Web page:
Los Angeles, California, USA
Architectural practice Weiss/ Manfredi designs a major new Master Plan and renovation process for the La Brea Tar Pits, including the existing museum, excavation sites, and other parts of the 13-acre site where the institution is located.
La Brea Tar Pits and Museum Master Plan has recently been awarded a 2023 International Architecture Award by The Chicago Athenaeum: Museum of Architecture and Design and The European Centre for Architecture Art Design and Urban Studies.
For locals and visitors, La Brea Tar Pits and Page Museum are sites of exploration and an enduring source of wonder.
The reimagination of the park and museum emerges from a close analysis of what is present, inspiring a commitment to preserve and magnify the park, the tar pits, and the museum as an ever-changing campus for discovery.
The La Brea Loops and Lenses form a triple Möbius strip that links all existing elements of the park to redefine Hancock Park as a continuously unfolding experience, connecting three distinguishing identities that are latent within the park today.
Research and Revelation—the site of the excavation pits and Pleistocene Garden, Community and Culture—where the museum and central green are located, and Spectacle and Urban Fictions—where the lake pit and mastodons join the public imagination on Wilshire Boulevard.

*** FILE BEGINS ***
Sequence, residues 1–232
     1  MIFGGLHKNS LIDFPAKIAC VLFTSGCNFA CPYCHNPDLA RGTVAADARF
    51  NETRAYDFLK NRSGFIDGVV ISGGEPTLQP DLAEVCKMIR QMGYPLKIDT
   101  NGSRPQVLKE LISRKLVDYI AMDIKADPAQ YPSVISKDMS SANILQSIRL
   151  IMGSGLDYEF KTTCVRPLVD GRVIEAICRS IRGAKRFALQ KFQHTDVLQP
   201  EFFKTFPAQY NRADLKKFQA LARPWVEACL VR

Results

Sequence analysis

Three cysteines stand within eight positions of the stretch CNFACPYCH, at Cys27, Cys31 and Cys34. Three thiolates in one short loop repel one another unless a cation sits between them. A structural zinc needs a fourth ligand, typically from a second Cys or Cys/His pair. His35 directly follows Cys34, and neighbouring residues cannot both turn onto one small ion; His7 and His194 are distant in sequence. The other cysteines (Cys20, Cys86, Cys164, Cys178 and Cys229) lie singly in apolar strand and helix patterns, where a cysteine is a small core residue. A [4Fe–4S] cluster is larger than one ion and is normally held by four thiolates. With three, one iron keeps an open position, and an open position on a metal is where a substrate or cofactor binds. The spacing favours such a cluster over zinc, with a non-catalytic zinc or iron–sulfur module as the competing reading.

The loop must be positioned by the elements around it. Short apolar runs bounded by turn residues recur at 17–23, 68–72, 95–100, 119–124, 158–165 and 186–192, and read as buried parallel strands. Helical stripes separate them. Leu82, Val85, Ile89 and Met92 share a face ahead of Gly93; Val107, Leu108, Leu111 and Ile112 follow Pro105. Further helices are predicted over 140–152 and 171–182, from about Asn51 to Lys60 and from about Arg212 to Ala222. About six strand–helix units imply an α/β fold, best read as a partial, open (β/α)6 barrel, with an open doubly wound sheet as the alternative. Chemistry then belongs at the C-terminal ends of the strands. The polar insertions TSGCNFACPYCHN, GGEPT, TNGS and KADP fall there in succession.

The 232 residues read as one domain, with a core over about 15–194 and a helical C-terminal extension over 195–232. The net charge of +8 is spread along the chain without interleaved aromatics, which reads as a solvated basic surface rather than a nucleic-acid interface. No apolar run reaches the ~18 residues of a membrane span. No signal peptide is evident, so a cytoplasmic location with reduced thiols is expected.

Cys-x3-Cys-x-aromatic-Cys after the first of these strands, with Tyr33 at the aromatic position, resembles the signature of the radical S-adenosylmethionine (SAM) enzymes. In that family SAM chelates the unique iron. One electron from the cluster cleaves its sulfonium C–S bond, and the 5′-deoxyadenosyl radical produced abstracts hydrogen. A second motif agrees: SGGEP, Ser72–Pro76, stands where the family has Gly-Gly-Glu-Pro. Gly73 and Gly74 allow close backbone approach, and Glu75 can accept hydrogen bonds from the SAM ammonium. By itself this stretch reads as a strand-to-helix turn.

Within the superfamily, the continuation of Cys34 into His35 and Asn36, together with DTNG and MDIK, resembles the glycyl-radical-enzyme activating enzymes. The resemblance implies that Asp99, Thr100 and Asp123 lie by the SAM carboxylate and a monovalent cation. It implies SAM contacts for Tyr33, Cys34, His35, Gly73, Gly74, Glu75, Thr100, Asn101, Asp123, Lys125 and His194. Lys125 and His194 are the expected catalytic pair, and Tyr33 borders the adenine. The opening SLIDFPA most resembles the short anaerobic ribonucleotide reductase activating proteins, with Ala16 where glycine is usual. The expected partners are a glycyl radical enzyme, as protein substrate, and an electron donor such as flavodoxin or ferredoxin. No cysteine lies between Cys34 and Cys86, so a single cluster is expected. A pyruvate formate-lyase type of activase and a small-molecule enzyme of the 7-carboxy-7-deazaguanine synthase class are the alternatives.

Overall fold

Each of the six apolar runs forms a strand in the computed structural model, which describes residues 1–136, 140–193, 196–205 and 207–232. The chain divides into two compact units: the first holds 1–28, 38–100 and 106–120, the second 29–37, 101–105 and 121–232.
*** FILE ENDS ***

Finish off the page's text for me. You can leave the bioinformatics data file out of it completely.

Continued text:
The different themes of the loops embody journeys, with programming that appeals to diverse interests—from paleontology to bird watching, from science to play.
The new 1-kilometer pedestrian path crosses over the Lake Pit, frames views into the museum, enhances amenities for community engagement and research, and reveals the riches found in the tar pits and museum.
As a vibrant public park, active exploration is complemented by lookout platforms along the loop to provide more intimate spaces for reflection.
Students and curious adults can observe excavation and investigation in action.
The Page Museum’s rejuvenation and expansion are rooted in an analysis of the existing building, preserving and magnifying its unique strengths.
The renovation and expansion are conceived as a contemporary Wunderkammer, a treasure chest of stunning fossils and artifacts, from large to microscopic.
Like a magnifying glass, exhibition spaces bring artifacts into focus and make visible the museum’s treasures to the public.
Framed views throughout the park and museum bring into alignment the research and museum collection that contains over 3.5 million specimens.
As flexible armatures, loops, and lenses connect and reveal, forming a continuous journey that tells the story of La Brea Tar Pits and Page Museum: the continuum from prehistoric time to the contemporary moment.
The museum’s treasures are revealed to visitors, bringing the museum to the park, and the park into the public imagination.
Project: La Brea Tar Pits and Museum Master Plan
Client: Natural History Museum of Los Angeles